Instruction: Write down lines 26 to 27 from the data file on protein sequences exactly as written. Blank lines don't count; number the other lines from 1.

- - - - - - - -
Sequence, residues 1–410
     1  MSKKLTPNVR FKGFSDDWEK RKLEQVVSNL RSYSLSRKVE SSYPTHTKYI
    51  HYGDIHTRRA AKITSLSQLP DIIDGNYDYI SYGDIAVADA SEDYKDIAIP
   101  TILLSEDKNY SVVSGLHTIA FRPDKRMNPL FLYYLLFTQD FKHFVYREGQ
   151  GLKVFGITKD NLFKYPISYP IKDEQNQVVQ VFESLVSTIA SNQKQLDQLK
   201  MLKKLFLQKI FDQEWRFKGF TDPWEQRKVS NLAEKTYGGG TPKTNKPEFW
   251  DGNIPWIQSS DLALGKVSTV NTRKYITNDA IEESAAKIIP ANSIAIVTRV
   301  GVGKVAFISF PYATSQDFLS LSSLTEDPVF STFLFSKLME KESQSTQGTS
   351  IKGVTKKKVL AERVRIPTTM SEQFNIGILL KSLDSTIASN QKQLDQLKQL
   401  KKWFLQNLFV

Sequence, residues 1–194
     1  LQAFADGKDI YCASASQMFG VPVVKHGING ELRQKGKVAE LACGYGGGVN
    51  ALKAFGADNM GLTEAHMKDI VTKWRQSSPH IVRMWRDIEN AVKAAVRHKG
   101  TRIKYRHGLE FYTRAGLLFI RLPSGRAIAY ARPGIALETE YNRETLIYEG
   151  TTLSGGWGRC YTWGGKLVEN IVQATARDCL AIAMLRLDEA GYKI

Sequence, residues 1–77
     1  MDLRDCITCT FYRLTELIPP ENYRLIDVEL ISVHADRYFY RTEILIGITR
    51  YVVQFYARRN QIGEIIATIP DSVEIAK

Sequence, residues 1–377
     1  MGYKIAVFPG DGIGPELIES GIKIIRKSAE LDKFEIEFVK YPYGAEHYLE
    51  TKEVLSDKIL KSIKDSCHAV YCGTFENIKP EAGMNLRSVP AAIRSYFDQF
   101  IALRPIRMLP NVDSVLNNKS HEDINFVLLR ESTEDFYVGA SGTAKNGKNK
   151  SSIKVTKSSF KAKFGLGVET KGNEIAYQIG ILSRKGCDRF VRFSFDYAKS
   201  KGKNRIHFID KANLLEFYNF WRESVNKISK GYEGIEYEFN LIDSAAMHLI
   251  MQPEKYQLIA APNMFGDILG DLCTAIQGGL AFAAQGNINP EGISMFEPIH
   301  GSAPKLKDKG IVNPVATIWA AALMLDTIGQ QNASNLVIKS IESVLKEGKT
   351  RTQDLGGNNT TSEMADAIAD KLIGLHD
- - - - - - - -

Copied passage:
   301  GSAPKLKDKG IVNPVATIWA AALMLDTIGQ QNASNLVIKS IESVLKEGKT
   351  RTQDLGGNNT TSEMADAIAD KLIGLHD